Stray Dogs Marzieh Meshkini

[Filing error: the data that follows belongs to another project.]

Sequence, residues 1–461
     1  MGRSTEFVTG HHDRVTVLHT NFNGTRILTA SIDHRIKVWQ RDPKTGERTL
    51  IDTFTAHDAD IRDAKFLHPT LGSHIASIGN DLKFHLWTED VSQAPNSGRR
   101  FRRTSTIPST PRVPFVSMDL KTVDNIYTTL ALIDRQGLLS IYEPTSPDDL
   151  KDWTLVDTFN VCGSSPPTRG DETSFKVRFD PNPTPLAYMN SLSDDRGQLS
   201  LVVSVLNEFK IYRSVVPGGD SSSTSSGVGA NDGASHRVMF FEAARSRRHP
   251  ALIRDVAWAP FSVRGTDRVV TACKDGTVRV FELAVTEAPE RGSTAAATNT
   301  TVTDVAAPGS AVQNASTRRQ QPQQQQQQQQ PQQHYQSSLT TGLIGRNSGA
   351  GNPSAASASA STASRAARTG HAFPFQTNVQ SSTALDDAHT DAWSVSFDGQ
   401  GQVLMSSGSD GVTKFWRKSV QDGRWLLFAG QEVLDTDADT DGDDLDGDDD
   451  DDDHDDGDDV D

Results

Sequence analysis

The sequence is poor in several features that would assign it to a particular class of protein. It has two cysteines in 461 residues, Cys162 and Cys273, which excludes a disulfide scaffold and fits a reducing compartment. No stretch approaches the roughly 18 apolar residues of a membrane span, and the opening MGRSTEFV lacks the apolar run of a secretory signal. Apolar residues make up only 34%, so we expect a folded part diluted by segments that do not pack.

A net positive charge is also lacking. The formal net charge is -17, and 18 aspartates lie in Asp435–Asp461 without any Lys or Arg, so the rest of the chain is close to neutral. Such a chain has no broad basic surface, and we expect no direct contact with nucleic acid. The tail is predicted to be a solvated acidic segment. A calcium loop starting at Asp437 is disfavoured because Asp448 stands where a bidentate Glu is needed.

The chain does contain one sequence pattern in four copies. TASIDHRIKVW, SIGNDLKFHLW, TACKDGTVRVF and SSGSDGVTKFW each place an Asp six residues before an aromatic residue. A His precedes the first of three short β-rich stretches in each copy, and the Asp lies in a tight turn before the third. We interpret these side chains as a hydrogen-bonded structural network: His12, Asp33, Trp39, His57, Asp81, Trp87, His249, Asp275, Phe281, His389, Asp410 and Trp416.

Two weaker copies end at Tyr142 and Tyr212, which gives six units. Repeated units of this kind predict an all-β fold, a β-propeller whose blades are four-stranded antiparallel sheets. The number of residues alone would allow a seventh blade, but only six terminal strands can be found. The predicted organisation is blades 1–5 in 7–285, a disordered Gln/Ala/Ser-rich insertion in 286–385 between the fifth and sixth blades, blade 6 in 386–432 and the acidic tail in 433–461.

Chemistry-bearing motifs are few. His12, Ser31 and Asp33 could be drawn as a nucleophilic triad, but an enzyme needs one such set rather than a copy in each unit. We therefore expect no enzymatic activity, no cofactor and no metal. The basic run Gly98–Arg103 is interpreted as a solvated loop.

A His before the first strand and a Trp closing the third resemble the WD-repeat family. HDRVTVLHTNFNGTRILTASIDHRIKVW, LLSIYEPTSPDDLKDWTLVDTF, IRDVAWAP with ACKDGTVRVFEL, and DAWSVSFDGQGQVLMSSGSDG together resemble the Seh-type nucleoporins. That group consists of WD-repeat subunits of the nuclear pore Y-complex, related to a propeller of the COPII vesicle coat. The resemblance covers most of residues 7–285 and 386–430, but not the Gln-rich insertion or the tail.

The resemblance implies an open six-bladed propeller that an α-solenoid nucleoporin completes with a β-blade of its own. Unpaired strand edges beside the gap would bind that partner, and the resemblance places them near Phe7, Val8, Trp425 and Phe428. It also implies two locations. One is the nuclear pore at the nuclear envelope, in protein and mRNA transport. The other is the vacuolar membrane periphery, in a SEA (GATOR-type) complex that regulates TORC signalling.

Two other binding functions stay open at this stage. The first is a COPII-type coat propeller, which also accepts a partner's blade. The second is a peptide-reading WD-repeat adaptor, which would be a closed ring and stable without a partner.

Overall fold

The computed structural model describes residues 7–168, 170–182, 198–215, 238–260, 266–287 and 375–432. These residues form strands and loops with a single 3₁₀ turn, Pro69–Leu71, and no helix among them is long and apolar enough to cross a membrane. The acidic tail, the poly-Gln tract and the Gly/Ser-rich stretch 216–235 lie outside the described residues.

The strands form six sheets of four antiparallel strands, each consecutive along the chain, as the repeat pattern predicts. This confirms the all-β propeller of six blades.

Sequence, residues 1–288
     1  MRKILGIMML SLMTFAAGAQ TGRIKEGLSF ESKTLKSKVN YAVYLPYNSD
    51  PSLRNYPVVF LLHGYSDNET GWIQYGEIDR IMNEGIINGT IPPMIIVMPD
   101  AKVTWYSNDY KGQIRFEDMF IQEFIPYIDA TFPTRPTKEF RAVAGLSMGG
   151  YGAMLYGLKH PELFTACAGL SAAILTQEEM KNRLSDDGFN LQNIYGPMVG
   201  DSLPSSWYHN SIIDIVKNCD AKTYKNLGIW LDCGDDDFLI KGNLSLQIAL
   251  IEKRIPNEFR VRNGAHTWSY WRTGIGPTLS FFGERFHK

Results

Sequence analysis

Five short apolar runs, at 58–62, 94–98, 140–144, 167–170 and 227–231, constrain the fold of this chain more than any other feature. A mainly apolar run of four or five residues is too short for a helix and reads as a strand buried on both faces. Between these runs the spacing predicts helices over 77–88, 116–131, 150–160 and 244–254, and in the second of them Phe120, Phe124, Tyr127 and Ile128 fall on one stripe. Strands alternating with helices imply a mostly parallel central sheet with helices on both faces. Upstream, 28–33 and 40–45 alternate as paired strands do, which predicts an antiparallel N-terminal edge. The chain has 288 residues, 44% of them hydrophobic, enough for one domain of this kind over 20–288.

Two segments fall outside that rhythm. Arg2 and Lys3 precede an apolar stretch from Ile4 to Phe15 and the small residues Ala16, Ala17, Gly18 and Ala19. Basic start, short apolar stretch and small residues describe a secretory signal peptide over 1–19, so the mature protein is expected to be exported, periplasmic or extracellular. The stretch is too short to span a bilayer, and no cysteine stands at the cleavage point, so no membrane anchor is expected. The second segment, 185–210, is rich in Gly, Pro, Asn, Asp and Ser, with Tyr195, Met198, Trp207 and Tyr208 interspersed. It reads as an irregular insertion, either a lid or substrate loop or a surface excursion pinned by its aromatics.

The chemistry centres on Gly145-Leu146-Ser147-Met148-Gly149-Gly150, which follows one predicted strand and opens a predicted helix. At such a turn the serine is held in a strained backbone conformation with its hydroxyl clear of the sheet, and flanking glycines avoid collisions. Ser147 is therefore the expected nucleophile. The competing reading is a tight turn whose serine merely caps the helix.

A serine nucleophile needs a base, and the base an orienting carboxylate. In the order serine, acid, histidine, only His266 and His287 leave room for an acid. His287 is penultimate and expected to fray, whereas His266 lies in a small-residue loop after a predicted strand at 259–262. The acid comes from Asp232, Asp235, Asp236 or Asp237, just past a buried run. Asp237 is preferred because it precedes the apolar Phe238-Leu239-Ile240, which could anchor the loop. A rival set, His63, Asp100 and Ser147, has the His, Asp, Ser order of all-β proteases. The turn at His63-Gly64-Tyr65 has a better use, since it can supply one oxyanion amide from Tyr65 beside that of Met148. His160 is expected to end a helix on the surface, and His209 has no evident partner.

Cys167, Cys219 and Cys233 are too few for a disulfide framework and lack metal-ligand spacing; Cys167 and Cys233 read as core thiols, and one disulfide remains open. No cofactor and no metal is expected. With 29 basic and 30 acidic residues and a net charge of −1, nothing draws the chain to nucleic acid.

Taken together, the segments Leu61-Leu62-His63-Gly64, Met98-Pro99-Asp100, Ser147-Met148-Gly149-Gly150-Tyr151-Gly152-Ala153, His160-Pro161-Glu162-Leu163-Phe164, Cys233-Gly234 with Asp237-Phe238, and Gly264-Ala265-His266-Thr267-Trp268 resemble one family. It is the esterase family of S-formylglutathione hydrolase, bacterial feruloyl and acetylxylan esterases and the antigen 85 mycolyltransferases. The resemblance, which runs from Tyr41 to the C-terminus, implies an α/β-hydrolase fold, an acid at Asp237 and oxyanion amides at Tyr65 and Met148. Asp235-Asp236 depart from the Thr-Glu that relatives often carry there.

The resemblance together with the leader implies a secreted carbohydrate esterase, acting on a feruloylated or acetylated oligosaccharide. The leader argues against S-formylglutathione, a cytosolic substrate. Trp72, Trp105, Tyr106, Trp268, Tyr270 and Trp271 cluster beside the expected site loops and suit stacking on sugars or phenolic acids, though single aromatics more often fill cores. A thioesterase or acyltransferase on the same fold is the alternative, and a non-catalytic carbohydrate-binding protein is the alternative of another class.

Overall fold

Cinematic verve and iconographic obviousness collide in this latest from the Makhmalbaf clan, once again training its eye on strife in Afghanistan. Two children (a boy and a girl) are left homeless when their mother is arrested — seems she remarried after her husband was feared dead, only to have the man return as a detained Taliban combatant. Thus the pair (and the small dog they adopt) have to figure out a way to get into a prison to be with their mother, which is to say, a way to get arrested. Alas, the Afghani situation is viewed through an Iranian glass darkly: the kids don’t come off as anything other than melodramatic waifs, cute and downtrodden at the same time. But though the script is a tad heavy-handed and too distanced to be effective commentary, there’s no denying director Marzieh Meshkini’s eye for striking composition and her firm grasp of cruel irony. Just when you think the movie is about to descend into silent movie pathos, Meshkini pulls out of the dive with her sun-blasted Beckett landscape populated by the lost and abandoned. Her visual sense and flair for plotting redeem some potentially mawkish material, coming up trumps with a brilliant and hilarious reference to The Bicycle Thief and other masterful touches. Like other Makhmalbaf House titles, it doesn’t really say anything substantial about Afghanistan and its troubles (a matter compounded by the Lillian Gish characterisations) but it’s not an offensive appropriation by any stretch and offers the aesthete much to cherish. It’s a powerful and witty triumph of sensibility over material, and continues Iran’s winning streak on the international cinema stage. (Seville)